Create a Macintosh« icon from an image File...

An interesting feature of Axialis IconWorkshopń is to create an icon from an existing file. Some image formats support 32 BPP alpha channel transparency which is very interesting to create hi-quality RGB/A images in icons. The following image formats are supported:

Open the image file in Axialis IconWorkshop™

1. Choose "File/Open", browse your folders and select your file (Windows« standard dialog box).


Choose "File/New/File File Browser" or press Ctrl+Shift+O. A built-in Axialis file explorer window opens. Browse your disks, see the thumbnail preview and double-click the image file you wish to open.


In the Recently Used zone (in the main toolbar), type the full pathname of the image file you wish to open then hit Enter.

2. The image file opens in a document window.

Axialis IconWorkshop™ will convert images to 32 bpp with transparency when possible. This is much more convenient to create icons. The following image formats can include transparency: Photoshop« PSD, PNG, RGB, GIF, JPEG 2000 and WMF.

Add transparency

Transparency is important when creating icons. It permits to display an icon over a background image without fully hiding it. Parts of the background image are visible through the transparent areas of the icon. Transparency can be total (1-bit mask, in GIF for example) or partial (8-bit mask, a.k.a Alpha Channel, in PNG or JPEG2000 for example). Partial transparency (RGB/Alpha Channel) produces better results when displaying icons. See what is an icon to learn more.

The following image formats support transparency: Photoshop® PSD, PNG, RGB, JPEG 2000 and WMF. GIF support only total transparency. Axialis IconWorkshop™ permits to convert images to 32 BPP (RGB/Alpha Channel) which is much more convenient to create icons.

If your image already contains transparency or don't want to use transparency, go directly to step 6.

3. To add your own transparency, choose the "Create Transparent Areas" Mode: or press "T". Click in the areas where you want to create transparency.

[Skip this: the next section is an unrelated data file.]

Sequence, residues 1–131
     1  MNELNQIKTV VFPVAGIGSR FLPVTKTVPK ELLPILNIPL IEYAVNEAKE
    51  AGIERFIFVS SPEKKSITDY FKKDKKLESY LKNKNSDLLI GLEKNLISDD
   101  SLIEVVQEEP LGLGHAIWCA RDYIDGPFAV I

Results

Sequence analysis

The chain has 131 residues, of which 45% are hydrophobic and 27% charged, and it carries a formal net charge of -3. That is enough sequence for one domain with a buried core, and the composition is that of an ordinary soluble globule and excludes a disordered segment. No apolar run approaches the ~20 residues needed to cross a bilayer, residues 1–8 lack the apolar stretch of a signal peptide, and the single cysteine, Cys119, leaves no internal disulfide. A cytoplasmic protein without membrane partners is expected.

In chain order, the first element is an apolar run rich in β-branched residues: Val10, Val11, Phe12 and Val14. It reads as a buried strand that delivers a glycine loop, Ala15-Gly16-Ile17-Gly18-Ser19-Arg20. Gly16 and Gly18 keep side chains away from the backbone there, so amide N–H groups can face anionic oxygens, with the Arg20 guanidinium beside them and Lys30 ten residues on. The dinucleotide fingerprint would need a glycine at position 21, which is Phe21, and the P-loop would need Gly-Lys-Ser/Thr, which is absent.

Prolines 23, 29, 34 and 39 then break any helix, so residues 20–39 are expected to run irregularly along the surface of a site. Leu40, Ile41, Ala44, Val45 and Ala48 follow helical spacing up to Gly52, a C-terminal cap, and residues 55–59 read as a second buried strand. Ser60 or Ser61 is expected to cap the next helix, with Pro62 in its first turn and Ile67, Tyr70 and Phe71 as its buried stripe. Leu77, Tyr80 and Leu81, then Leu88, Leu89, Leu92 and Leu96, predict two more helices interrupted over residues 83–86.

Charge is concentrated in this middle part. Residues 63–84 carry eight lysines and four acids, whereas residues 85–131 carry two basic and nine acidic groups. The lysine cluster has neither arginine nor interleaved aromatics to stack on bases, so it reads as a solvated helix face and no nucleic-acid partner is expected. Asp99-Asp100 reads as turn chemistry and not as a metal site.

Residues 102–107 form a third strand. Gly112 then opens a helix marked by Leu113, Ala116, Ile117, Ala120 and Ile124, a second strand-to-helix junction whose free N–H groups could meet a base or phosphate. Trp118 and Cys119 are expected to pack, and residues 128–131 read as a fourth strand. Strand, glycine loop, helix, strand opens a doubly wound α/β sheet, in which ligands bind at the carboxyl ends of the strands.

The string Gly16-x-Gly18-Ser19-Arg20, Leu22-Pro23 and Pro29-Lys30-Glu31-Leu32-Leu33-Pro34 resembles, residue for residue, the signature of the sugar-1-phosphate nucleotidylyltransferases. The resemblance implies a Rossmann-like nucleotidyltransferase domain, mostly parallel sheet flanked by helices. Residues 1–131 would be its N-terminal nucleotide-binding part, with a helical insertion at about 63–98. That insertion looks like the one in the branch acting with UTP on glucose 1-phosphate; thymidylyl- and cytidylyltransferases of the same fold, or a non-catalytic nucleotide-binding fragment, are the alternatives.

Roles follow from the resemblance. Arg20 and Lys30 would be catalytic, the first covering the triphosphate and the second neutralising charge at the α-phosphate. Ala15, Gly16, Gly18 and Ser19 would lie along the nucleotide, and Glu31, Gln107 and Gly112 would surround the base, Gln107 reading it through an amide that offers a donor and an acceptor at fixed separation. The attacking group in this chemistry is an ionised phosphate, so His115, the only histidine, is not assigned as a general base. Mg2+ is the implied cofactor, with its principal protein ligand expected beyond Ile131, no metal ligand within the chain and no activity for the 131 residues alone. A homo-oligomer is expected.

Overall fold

4. For example, the illustration below shows the image "Librarian/Media Files/Images/Smiley.jpg". It is JPEG, so it does not contains transparency (only JPEG 2000 supports transparency). The background is white () and fully opaque. If you create an icon from this image, it will create a white square around the final icon, which is not the desired result.

5. In Transparent Area mode, click in the white background (). It is automatically converted to a transparent area (the grey chessboard texture ). You can repeat the operation to create a sharper frontiere around the smiley circle:

When you create a transparent area, the image is automatically converted in 32-bit color depth (RGB / Alpha Channel).

Create an icon from this image

6. Before proceeding, we recommend you to select the portion of image you whish to use to create your icon. If you leave too many transparent areas around your image, the visible part of your icon will be too small.

7. Select the portion of image: Use the selection tool (upper-left button of the tool palette) and select the portion of image you whish to use (do not cut the shadow if there is one around the object). When done, an animated dashed rectangle has been created.

8. When the selection is done, choose Image/Create Macintosh« Icon from Selection or press "M" or click the first command button in the local toolbar ():

9. The dialog box New Macintosh« Icon From Image opens (see below). In the Name group (), enter the icon project name. Do not specify any extension.

10. In the Image Formats group, select the image formats you whish to add in the icon ( to ) and unselect the unwanted images. Just click on the image preview to select/unselect.

11. In the Other group, select the optional image formats you whish to add in the icon (). Note that the 32x32 mono is recommended if you want the icon to be compatible with older systems. The format 256x256 works only under Macintosh® OSX 10.4 (Tiger) or more. The format 512x512 works only under Macintosh® OSX 10.5 (Leopard) or more. The following table shows the common Macintosh« image formats:

12. To get the best results possible, you can also apply a filter when resizing RGB/A images and a dithering option to the 256/16 color images (try and see the results in the preview images).

13. When done, click OK. The icon is automatically created with the various image formats you've selected.